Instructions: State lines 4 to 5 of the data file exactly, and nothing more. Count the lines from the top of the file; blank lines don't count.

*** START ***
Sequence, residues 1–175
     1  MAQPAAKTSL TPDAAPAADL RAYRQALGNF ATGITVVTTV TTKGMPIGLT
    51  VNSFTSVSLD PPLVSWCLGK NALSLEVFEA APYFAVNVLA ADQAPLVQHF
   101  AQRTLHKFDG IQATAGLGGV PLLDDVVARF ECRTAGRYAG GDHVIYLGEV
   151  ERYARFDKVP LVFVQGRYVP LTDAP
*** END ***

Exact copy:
   101  AQRTLHKFDG IQATAGLGGV PLLDDVVARF ECRTAGRYAG GDHVIYLGEV
   151  ERYARFDKVP LVFVQGRYVP LTDAP